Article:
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Could my personal health information be used or sharedwithout my consent?

Yes.  While the general rule is that trustees must obtain your consent before using or sharing your personal health information, there are some exceptions. A few examples are explored on the PHIA home page.

For a more complete list of authorized uses and disclosures without consent, see sections 21 through 25 of PHIA.

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What if a family member is in hospital and I want to find out how he or she is doing?

Certain information about patients can be revealed to anyone without the patient's consent (unless the patient specifically requests otherwise), such as the patient’s general health status (e.g. critical, poor, fair, or stable) and the patient’s location (as long as revealing the location doesn’t reveal anything about a patient’s specific health condition).

Recognizing that family members should be able to check on the status of a loved one, PHIA allows for information about a patient or a resident of a health care facility to be shared with an immediate family member, or anyone else with whom the patient is known to have a close personal relationship, without the patient's consent.  Only information about health care currently being delivered can be disclosed under this clause, and the trustee must have reason to believe that the disclosure would be acceptable to the patient.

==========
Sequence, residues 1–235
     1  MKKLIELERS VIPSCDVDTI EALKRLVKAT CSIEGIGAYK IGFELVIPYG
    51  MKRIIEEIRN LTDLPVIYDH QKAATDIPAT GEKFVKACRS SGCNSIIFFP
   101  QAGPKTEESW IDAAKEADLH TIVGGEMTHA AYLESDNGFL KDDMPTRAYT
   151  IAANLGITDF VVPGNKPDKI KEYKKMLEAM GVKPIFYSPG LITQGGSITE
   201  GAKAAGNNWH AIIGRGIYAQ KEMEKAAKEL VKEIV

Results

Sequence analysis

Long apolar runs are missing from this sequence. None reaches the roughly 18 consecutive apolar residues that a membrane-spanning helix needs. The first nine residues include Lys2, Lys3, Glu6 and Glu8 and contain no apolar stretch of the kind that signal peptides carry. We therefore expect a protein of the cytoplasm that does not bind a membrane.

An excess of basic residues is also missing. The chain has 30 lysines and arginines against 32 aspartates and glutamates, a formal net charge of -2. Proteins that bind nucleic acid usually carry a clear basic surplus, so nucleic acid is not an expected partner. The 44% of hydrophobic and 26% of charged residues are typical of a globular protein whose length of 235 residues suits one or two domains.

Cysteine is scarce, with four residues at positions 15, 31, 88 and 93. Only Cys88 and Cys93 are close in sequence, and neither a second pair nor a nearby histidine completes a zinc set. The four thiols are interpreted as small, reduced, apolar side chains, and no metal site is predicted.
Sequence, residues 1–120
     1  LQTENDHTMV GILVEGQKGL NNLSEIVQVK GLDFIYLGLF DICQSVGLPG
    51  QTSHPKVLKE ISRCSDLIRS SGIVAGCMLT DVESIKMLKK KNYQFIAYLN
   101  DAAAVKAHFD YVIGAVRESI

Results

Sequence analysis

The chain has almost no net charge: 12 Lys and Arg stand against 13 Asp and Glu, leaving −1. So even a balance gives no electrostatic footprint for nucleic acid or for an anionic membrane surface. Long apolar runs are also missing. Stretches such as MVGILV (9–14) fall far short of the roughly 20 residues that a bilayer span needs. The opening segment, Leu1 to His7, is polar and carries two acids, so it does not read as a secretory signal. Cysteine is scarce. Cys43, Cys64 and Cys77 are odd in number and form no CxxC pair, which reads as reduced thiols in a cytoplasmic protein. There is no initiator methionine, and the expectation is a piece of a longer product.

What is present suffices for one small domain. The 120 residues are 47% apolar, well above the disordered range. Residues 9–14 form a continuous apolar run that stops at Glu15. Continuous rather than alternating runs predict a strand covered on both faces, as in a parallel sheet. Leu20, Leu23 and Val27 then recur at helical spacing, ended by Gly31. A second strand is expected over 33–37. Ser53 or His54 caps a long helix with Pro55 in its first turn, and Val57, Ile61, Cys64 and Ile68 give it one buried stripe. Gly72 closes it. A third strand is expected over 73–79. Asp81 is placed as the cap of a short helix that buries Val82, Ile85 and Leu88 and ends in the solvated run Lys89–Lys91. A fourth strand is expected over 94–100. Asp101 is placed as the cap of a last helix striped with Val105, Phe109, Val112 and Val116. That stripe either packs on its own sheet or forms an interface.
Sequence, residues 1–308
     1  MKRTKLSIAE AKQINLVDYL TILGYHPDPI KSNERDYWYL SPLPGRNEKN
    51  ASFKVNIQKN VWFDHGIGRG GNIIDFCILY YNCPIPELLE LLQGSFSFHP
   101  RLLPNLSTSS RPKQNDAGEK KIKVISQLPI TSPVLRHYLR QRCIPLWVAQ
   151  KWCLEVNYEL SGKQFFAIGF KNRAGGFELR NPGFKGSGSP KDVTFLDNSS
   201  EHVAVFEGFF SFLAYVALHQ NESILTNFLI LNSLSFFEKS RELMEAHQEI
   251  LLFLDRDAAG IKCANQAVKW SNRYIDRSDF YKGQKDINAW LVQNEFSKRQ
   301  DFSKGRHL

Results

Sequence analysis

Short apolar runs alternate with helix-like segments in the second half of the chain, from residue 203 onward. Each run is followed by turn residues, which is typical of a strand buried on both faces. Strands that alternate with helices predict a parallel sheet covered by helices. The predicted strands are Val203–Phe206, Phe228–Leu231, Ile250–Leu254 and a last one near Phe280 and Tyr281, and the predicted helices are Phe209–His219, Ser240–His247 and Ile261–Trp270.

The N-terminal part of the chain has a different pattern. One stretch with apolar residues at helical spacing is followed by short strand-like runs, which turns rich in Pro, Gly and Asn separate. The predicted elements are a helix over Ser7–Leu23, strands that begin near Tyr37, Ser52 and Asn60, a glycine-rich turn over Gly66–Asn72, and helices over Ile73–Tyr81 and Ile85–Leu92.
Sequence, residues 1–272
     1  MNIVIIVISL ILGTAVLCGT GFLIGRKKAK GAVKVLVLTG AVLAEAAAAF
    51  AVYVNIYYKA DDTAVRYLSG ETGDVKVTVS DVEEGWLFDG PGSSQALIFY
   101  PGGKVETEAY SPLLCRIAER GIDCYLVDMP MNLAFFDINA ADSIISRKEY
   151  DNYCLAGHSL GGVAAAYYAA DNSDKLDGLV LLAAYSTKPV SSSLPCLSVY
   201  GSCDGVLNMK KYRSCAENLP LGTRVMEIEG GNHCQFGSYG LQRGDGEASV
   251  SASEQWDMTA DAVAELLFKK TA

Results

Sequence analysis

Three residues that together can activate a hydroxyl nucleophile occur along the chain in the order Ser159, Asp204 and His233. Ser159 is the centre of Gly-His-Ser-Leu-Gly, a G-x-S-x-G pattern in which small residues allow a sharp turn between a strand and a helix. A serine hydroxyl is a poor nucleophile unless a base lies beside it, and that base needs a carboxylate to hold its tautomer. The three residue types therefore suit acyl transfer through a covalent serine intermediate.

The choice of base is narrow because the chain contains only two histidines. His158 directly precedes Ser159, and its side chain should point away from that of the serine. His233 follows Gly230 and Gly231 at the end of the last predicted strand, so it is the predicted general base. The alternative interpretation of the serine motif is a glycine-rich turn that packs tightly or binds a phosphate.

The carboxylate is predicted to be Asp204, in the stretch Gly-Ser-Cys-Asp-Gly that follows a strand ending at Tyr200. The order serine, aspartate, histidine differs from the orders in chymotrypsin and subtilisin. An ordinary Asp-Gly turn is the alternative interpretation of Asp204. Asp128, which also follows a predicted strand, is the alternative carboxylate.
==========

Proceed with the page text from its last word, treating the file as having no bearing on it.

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What if a family member is receiving care in the community and I want to find out about it?

Generally speaking, if a person is receiving health care outside a hospital or personal care home, information about their care would not be shared with family members or friends without the consent of the patient.

There are some exceptions. A parent or guardian of a child who does not have the ability to make health care decisions would be able to access the child’s personal health information. A person who is legally designated to make health care decisions for another individual would also have access to that individual’s personal health information.

In most cases, however, even close relatives (e.g. spouses, siblings, parents, children) cannot access another person’s health information without that person's consent.

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What if someone I know works at a health care facility that I’ve been to?  Can s/he access my file?

PHIA requires trustees to keep personal health information in a designated area where access to the documents is restricted.  No one, not even an employee of a health care facility, can go into your file unless they have a legitimate reason for doing so.